# Can you cover a genus a billion hyperbolic surface with 15 balls?

Here's a question I was wondering about this week. Not sure how interesting it is, but I thought it was kind of curious.

Question: Given $$k$$, is there a number $$N=N(k)$$ such that if a closed orientable hyperbolic surface X is the union of at most $$k$$ embedded metric balls, then the genus of $$X$$ is at most $$N$$?

(Here, an embedded metric ball is an pathwise isometric embedding of a ball in $$\mathbb H^2$$.)

It's well known that any $$X$$, of any genus, can be covered by $$3$$ topological balls. You can convince yourself of this pretty easily: draw a couple embedded arcs that cut $$X$$ into disks, thicken them to get the first two balls, and then make the third ball by taking all the complementary disks and connecting them together in the pattern of some sort of dual spanning tree. So, the metric content above is essential.

If you make a graph G by taking a vertex for every ball and an edge for every connected component of intersection of two balls, then $$\pi_1 G$$ will surject on $$\pi_1 X$$. So, if you could bound the number of connected components of the intersection of each pair of balls, you can bound the genus. However, I think two balls in a hyperbolic surface of genus g can have something on the order of g connected components, which isn't helpful. For an example, take a right angled regular polygon and double it along every other side. This gives a surface with boundary, and then you can glue on whatever to make it closed. If you take the largest embedded balls around the two copies of the center of the polygon, they'll have a component of intersection for every edge of the polygon.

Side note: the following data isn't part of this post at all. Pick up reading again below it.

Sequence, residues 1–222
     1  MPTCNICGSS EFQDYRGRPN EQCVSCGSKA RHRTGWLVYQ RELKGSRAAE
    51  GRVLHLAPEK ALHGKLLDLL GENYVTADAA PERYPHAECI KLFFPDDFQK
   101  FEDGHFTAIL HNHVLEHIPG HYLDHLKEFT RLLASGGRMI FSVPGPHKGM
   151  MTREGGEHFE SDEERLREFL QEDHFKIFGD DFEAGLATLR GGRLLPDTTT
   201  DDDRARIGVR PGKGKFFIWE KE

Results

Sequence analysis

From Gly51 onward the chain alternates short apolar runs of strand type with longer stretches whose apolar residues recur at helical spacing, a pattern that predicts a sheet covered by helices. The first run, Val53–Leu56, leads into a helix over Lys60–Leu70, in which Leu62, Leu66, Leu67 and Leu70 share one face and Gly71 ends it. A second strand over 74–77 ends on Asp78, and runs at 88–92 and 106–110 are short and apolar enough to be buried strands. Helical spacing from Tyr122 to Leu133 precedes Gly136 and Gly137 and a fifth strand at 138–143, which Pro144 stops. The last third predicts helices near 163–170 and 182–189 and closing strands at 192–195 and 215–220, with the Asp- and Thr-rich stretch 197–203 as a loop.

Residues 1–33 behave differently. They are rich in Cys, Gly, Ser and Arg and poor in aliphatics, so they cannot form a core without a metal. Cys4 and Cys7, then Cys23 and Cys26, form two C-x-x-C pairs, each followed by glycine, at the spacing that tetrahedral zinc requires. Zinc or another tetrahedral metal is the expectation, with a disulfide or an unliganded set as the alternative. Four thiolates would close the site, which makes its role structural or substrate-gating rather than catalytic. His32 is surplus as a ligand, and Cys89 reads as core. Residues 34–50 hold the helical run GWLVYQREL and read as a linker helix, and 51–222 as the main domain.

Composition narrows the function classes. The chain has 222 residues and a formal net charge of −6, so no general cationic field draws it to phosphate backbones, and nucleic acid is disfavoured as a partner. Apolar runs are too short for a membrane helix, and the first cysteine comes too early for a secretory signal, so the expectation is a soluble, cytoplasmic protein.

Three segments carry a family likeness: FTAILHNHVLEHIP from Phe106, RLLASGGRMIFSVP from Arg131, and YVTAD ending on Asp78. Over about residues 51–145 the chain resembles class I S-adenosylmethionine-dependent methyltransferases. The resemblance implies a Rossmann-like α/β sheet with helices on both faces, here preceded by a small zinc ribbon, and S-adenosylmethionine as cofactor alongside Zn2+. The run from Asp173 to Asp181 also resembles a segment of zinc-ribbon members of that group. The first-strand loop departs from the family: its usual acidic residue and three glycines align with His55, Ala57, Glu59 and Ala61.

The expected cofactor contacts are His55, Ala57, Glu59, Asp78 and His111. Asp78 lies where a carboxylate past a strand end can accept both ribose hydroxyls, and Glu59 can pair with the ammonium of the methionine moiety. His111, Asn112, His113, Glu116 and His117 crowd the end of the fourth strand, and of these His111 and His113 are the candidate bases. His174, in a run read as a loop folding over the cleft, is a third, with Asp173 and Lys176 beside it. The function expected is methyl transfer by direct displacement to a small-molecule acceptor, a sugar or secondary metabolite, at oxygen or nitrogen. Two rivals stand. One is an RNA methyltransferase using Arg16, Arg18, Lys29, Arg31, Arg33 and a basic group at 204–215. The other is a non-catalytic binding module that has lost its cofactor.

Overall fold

Another reason you're never going to get a universal bound on the number of connected components of intersections is that this would give you that $$N(k)$$ is linear in $$k$$, which I think is impossible. Namely, there are some examples out there of genus g surfaces where the injectivity radius is everywhere at least $$a \log g$$, for some fixed constant a>0.

(See e.g. https://arxiv.org/pdf/math/0505007.pdf, where they give examples with $$a=2/3$$, although their examples may have cusps, I haven't checked. There are other closed examples too though.)

You can then construct a maximal set $$S$$ of points in $$X$$ such that the distance between any two points is at least $$a \log g$$. The balls of radius $$a/2 \log g$$ around the points of S are disjoint and have volume at least $$g^{a/2}/100$$ or something, so there are at most $$1000 g^{1-a/2}$$ points in $$S$$, by Gauss Bonnet. By maximality of S the radius $$a \log g$$ balls around the points of S cover X. They are embedded, but there are only around $$g^{1-a/2}$$ of them. That is, you can cover a genus $$g$$ surface with a number of balls that's sublinear in $$g$$.

• The surfaces in Theorem 1.10 of the linked paper, which I think is what you are referencing, are Hurwitz surfaces, which are always compact. For example this is because they are finitely tiled by a particular bounded hyperbolic triangle. Jan 28, 2021 at 20:06
• Cool, good to know. 👍 Jan 28, 2021 at 20:41